Biggs, Kalodner and Seitz, Circuit Judges.
The relator, Brown, is presently serving a life sentence for first degree murder. He petitioned for habeas corpus in the court below and this was denied. He has appealed. The relevant facts are as follows: On October 1, 1951, at about 4 A.M., Brown was taken into custody and questioned by the New Jersey police. At that time he was seventeen years old. Later that day Brown was taken to another police station, where he was questioned for the first time about the murder of Jeremiah Delhagan. At about 11 P.M. he confessed to his involvement in the murder. He was kept in police custody and on the following day was given a preliminary hearing, without counsel, at which it was determined that he should be held for action by the grand jury. The State of New Jersey then filed a petition against Brown in the Monmouth County Juvenile Court which has exclusive jurisdiction over juveniles. See N.J.S. 2A:4-14, N.J.S.A. The following day the Juvenile Court found the offense charged to be of a heinous nature and referred the matter to the Prosecutor of Monmouth County for indictment and prosecution in the state criminal courts. This waiver of jurisdiction by the Juvenile Court was ordered without a hearing. It was done pursuant to the then existing Laws of New Jersey, 1948, ch. 284, pp. 1191-1192,*fn1 which read: "If it shall appear to the satisfaction of the court [Juvenile & Domestic Relations Court] that the case of any person between the ages of sixteen and eighteen years should not be dealt with by the court, either because of the fact that the person is an habitual offender, or has been charged with an offense of a heinous nature, under circumstances which may require the imposition of a sentence rather than the disposition permitted by this chapter for the welfare of society, then the court may refer such case to the prosecutor of the pleas of the county wherein the court is situate."
Brown was subsequently indicted and at his trial the judge found, after a hearing held in front of the jury,*fn2 that his confession was voluntary and admissible.*fn3 The jury returned a verdict of First Degree Murder and relator was sentenced to life imprisonment on December 19, 1951. His conviction was affirmed on appeal, State v. Vaszorich, 13 N.J. 99, 98 A.2d 299 (1953) and certiorari was denied by the United States Supreme Court, Vaszorich v. New Jersey, 346 U.S. 900, 74 S. Ct. 219, 98 L. Ed. 400 (1953).
Two major issues are raised by this appeal. The first is whether the relator is entitled to relief under Kent v. United States, 383 U.S. 541, 86 S. Ct. 1045, 16 L. Ed. 2d 84 (1966). In Kent, as in the instant case, the District of Columbia Juvenile Court waived its jurisdiction without a hearing. The only requirement of the District of Columbia statute was a "full investigation" before such a waiver. The waiver order stated that it was made after "full investigation". In the district court Kent moved to dismiss the indictment on the ground that the Juvenile Court's waiver was invalid. The district court overruled the motion and Kent was subsequently convicted of housebreaking and robbery. His conviction was affirmed by the Court of Appeals for the District of Columbia. 119 U.S.App.D.C. 378, 343 F.2d 247. The United States Supreme Court reversed. The Court found that the waiver procedure was critically important in that the juvenile lost several rights and immunities that come from being within the exclusive jurisdiction of the Juvenile Court. The Supreme Court held that "There is no place in our system of law for reaching a result of such tremendous consequences without ceremony -- without hearing, without effective assistance of counsel, without a statement of reasons."*fn4 The case was therefore remanded to the District Court for the District of Columbia*fn5 for a hearing on whether there had been a proper waiver of Juvenile Court jurisdiction.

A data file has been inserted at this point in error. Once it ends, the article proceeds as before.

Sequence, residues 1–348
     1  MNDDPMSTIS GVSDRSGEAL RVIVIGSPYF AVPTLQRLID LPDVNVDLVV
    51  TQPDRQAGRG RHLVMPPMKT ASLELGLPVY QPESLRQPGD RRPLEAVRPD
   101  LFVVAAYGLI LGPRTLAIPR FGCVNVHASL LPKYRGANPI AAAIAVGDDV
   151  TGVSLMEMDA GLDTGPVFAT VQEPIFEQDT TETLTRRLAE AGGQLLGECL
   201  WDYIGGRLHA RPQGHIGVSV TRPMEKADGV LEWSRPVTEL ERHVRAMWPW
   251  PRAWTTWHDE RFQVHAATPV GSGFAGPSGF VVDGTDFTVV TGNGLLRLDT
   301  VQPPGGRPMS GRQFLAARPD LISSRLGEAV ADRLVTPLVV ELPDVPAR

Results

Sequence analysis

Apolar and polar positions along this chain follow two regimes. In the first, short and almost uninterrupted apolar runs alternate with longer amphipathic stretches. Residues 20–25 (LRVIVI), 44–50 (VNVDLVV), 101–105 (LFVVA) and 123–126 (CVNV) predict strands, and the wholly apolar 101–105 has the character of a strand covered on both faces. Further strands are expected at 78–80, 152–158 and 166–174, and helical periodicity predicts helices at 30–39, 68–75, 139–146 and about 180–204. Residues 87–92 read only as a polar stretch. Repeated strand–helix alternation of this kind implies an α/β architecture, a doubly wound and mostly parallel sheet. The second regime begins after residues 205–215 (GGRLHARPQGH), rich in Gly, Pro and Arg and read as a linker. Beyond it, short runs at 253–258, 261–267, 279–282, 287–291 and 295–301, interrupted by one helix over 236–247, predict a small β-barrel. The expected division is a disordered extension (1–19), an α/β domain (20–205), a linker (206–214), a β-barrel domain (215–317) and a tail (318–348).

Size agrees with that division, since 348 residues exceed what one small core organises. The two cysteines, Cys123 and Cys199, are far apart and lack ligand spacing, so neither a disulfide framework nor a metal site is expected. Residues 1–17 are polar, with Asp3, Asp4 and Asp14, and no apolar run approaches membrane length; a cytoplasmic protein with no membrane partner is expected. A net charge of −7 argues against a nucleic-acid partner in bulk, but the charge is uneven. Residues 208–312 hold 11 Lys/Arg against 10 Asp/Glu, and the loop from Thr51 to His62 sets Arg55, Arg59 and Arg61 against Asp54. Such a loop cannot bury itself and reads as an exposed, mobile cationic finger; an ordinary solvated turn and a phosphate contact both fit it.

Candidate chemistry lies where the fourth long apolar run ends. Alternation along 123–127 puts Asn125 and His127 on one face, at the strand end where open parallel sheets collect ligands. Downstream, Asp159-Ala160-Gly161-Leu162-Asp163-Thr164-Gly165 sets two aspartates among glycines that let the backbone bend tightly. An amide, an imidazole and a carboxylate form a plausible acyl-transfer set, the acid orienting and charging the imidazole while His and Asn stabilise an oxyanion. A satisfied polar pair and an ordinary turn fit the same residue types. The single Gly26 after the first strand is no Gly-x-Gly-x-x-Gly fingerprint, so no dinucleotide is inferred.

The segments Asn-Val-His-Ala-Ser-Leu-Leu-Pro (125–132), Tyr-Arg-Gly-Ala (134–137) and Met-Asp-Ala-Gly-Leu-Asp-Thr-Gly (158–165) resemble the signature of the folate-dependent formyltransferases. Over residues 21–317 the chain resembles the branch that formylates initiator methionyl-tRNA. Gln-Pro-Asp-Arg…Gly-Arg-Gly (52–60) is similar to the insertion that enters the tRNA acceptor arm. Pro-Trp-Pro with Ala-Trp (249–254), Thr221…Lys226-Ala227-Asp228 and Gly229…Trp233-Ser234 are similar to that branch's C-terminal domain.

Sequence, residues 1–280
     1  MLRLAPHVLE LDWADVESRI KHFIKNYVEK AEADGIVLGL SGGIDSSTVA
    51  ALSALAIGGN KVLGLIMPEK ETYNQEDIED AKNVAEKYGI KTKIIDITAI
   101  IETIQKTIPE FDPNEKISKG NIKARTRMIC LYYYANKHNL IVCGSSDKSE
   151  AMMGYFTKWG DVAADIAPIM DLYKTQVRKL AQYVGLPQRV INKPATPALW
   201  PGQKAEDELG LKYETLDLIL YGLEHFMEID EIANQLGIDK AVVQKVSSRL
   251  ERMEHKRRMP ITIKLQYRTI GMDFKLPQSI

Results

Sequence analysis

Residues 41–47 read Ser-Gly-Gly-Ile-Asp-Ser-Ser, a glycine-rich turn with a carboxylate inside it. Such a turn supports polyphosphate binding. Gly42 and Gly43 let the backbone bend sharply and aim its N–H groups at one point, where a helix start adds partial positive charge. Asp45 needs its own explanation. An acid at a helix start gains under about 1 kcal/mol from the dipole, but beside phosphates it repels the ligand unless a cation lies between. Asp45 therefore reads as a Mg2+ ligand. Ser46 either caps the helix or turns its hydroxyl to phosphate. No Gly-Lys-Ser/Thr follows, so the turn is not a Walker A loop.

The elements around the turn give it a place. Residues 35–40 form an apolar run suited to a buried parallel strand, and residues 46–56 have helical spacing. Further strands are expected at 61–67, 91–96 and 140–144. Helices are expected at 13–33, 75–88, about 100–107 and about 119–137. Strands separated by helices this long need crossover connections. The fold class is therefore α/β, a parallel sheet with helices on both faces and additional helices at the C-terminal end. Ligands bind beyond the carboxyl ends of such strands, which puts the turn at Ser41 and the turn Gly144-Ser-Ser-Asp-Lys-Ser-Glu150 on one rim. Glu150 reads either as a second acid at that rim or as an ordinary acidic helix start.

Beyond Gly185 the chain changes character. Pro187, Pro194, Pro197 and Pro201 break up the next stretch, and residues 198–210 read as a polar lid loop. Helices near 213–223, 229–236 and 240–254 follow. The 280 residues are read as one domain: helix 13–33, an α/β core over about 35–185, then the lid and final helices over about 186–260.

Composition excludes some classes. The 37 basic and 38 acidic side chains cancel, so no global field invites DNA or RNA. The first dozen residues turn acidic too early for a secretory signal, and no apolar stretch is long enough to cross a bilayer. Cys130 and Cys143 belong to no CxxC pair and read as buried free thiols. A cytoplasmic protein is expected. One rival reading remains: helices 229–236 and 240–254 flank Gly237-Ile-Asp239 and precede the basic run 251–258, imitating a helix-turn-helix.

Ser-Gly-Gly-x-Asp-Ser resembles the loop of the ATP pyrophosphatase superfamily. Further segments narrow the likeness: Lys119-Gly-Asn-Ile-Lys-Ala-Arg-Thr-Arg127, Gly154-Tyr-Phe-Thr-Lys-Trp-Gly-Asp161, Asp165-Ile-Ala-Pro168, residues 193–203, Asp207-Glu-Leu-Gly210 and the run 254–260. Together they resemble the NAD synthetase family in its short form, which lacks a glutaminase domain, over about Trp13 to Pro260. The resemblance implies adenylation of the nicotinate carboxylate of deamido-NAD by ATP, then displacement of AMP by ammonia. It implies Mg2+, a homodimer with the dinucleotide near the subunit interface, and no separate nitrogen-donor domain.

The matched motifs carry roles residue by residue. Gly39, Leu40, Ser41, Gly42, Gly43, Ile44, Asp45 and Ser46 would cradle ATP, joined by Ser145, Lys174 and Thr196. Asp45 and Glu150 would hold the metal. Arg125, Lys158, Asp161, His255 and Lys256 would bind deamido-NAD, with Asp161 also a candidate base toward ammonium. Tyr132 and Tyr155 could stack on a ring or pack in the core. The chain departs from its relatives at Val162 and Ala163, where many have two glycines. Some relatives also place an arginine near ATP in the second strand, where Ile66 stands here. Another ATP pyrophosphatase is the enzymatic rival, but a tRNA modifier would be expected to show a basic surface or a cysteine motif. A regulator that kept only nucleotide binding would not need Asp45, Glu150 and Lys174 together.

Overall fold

The applicability of Kent v. United States to the facts in the case before us has never been decided by the New Jersey courts. The decision of the Supreme Court was handed down in 1966, subsequent to Brown's post conviction proceedings in the state courts.*fn6 Nor has this issue been decided by the courts of New Jersey in any other case.*fn7 Furthermore the United States Supreme Court has not had occasion to apply Kent in any other case involving waiver of juvenile court jurisdiction.*fn8 Assuming arguendo that the principle of Kent is applicable here another issue immediately arises, undecided by any court, as to whether the principle of Kent should be applied retroactively. We point out that the New Jersey State courts might apply the doctrine of retroactivity where Federal tribunals might have to refuse to apply it. We think it cannot be successfully maintained that New Jersey has not a real and vital interest in the determination of these issues.*fn9 We hold, pursuant to 28 U.S.C. § 2254, that Brown must present these issues to the New Jersey State courts*fn10 and exhaust all state remedies, note 3, supra, before he is entitled to have them adjudicated by the courts of the United States. Our position we think is somewhat fortified by the decision in In the Matter of Whittington, 391 U.S. 341, 88 S. Ct. 1507, 20 L. Ed. 2d 625 (1968).
The judgment of the court below will ...